- James Bruce (1768)
- Wrote about his travels in Egypt in his book "Travels to Discover the Source of the Nile." James Bruce was a Scottish explorer and traveler who lived in the 18th century. He is best known for his journey to Ethiopia to search for the source of the Nile, which he wrote about in his book "Travels to Discover the Source of the Nile." In this work, Bruce describes his travels through Egypt and the various places he visited, including Cairo, Luxor, and Aswan. He also writes about the people he met and the cultures and customs of the region.
- Carsten Niebuhr (1761-1767)
- German mathematician and explorer, visited Alexandria and the Red Sea in 1761-62.
- William George Browne (1768-1813)
- An English traveler who visited Egypt in 1792-93. He was a keen amateur Egyptologist, and he was the first European to visit the ancient city of Meroë in Sudan.
- Johann Ludwig Burckhardt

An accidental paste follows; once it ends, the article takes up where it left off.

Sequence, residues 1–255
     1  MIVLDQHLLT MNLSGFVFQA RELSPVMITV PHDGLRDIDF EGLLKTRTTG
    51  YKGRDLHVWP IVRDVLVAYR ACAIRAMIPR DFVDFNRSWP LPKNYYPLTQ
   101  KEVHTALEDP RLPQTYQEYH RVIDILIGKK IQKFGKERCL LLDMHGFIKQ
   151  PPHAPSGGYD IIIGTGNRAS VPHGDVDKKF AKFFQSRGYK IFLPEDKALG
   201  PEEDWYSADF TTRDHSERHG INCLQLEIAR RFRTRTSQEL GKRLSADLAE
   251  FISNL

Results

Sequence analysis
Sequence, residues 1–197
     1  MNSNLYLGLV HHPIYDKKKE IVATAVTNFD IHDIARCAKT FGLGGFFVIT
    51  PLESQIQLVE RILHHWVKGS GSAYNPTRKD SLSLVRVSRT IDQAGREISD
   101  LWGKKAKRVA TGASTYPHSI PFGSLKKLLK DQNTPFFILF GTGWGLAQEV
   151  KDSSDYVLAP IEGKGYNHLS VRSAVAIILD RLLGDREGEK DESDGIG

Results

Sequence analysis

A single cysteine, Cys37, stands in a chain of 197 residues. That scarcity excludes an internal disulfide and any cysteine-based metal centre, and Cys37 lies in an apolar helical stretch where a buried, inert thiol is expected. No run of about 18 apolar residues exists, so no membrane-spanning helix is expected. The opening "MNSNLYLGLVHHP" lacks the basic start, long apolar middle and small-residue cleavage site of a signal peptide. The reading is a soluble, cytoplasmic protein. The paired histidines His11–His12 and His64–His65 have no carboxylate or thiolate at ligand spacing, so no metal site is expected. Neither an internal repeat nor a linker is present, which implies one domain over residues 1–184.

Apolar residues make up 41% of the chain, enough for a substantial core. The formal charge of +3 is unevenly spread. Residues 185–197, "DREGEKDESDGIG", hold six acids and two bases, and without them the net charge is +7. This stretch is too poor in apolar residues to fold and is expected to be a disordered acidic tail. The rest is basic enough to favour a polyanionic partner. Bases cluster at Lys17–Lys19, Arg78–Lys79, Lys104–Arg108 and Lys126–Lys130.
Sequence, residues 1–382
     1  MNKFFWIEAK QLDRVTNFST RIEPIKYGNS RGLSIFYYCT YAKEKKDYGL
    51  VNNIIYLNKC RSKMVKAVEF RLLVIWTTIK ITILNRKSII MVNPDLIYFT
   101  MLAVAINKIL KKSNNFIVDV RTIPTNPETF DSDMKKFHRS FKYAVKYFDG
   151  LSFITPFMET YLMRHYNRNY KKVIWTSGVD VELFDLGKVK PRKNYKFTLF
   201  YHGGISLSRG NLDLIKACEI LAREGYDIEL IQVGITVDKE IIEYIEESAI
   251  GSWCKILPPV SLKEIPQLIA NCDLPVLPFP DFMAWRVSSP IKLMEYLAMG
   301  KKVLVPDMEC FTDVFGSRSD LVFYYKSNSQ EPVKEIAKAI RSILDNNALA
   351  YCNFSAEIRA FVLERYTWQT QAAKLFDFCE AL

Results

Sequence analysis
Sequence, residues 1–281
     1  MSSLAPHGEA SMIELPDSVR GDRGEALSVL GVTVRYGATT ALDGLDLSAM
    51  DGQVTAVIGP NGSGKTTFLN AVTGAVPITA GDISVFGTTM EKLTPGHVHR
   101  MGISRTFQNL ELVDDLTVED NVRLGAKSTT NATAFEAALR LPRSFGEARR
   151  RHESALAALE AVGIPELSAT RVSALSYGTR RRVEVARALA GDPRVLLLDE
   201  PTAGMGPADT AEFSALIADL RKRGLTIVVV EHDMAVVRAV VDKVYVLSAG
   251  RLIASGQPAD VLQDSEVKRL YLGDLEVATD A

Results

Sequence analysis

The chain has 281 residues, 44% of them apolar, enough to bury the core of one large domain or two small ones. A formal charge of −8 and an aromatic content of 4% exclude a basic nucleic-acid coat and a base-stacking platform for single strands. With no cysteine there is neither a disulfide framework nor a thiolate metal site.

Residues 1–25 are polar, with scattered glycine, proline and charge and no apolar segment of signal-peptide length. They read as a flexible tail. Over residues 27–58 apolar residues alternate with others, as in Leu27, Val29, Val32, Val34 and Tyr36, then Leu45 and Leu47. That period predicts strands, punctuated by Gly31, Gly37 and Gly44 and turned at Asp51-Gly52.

- A Swiss traveler and orientalist who visited Egypt in 1813-15. He is best known for his work as an Arabist and for his travelogue Travels in Nubia (1819). Burckhardt was born in 1784 in Basel, Switzerland. In 1809, he traveled to Egypt, where he lived and studied for several years. He disguised himself as an Arab and traveled extensively throughout the country, visiting many of the major historical sites. In 1813, Burckhardt traveled to Nubia, a region of Sudan that was then part of Egypt. He was the first European to visit the region since the 17th century. He traveled up the Nile River to the city of Aswan, and then into the desert. He was forced to turn back after encountering hostile peoples and on his way back north, on March 22, 1813, he visited Abu Simbel, and noted that the four colossal statues of Ramesses II probably hid a large temple beneath the vast sans covering them. It provides detailed descriptions of the geography, history, and culture of Nubia. Burckhardt's work was instrumental in raising awareness of Nubia in Europe, and it helped to pave the way for future exploration of the region.